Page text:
The fact that this has been a major 24-hour news story for several days plays on our inability, as a nation, to make discriminating choices. It seems, on the one hand, that we are unable to tolerate the least insecurity in any aspect of our lives; we demand protection from the slightest threat. And that, on the other, we scream bloody murder if we are asked to make the smallest sacrifice to ensure the security we crave. Despite indisputable and centuries-old evidence that we are, and will remain vulnerable creatures, no matter what we do to protect ourselves, we act in the expectation that in our case it will be different.
I wonder, too, about the dread fear of being touched. It's obviously not something that I crave, from strangers, but the security pat-down--and I myself have been subjected to this treatment, and survive to tell the tale--is sexual only in the imagination of those who fear it so. To have the fleeting, professional, impersonal, and hopefully skillful touch of searching hands is surely no worse than a visit to the doctor's--and could prove as life-saving to oneself and one's fellow travelers. I understand that there are those who have more reason than I to object viscerally to this kind of invasion--I think of rape victims, for example, or of people of color who associate it with the too-familiar humiliation of encounters with authority. I sympathize with them. Still, we are dealing with something broader and more potentially life-threatening than personal dignity or phobias.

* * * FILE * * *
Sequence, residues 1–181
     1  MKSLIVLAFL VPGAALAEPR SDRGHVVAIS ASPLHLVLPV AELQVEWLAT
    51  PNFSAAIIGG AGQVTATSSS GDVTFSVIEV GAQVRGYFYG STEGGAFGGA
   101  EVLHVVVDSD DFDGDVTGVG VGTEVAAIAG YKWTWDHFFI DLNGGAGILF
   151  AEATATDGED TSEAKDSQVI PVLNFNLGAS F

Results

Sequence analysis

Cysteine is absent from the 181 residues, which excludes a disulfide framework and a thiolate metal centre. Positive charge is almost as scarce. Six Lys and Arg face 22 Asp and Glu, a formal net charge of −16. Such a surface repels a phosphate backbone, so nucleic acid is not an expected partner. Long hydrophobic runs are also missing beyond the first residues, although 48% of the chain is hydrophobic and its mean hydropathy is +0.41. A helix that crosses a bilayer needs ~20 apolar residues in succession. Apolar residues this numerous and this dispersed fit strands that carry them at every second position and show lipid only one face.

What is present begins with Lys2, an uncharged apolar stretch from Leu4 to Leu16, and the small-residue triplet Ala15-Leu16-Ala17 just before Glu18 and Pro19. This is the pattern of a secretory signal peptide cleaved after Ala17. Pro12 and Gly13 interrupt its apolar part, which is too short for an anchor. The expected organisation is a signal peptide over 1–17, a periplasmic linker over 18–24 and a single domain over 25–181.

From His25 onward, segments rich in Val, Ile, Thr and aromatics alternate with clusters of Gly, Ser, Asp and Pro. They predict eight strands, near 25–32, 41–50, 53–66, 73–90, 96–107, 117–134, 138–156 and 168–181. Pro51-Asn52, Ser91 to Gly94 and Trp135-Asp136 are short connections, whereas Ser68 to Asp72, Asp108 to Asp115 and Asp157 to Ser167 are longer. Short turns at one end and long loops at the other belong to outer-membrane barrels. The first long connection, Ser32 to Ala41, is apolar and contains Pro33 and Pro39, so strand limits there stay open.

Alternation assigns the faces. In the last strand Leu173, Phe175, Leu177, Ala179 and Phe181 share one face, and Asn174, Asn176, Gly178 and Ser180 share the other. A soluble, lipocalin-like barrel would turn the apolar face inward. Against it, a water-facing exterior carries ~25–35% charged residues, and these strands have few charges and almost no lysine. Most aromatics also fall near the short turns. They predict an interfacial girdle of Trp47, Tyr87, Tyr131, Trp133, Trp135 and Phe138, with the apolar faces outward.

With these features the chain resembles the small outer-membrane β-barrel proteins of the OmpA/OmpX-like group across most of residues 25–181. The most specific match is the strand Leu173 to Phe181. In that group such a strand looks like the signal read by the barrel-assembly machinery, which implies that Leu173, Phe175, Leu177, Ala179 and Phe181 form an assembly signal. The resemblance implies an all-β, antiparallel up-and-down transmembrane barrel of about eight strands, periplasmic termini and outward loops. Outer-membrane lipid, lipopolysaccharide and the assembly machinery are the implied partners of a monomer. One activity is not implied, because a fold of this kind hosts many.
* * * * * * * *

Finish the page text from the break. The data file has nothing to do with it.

So who, I ask myself, stands to gain from inflating this issue into something far greater than it ought to be? Politicians, that's who. They are grateful for any distraction from their own costly and disastrous failures. Those on the right--this is my unhappy belief--will exploit the slightest opportunity to foment discontent and rage against officialdom. It is to the advantage of some politicians, then, and of those who use them to further their financial interests; those, I mean, who can afford to buy politicians to do their bidding. And, sorry, yes, the media, too, who have a vested interest in controversial or sensational fodder for their news cycles, and who also have their bottom line of corporate profit to ensure. Those who stand to gain the least from the furor--or lose--are the airline patrons, who will find themselves standing in longer lines behind noisier and more quarrelsome fellow-travelers, whose objections to routine security will be validated by the current frenzy.
So yes, pat me down. Please. Scan me, by all means. And move me on with the assurance of safety toward the gate.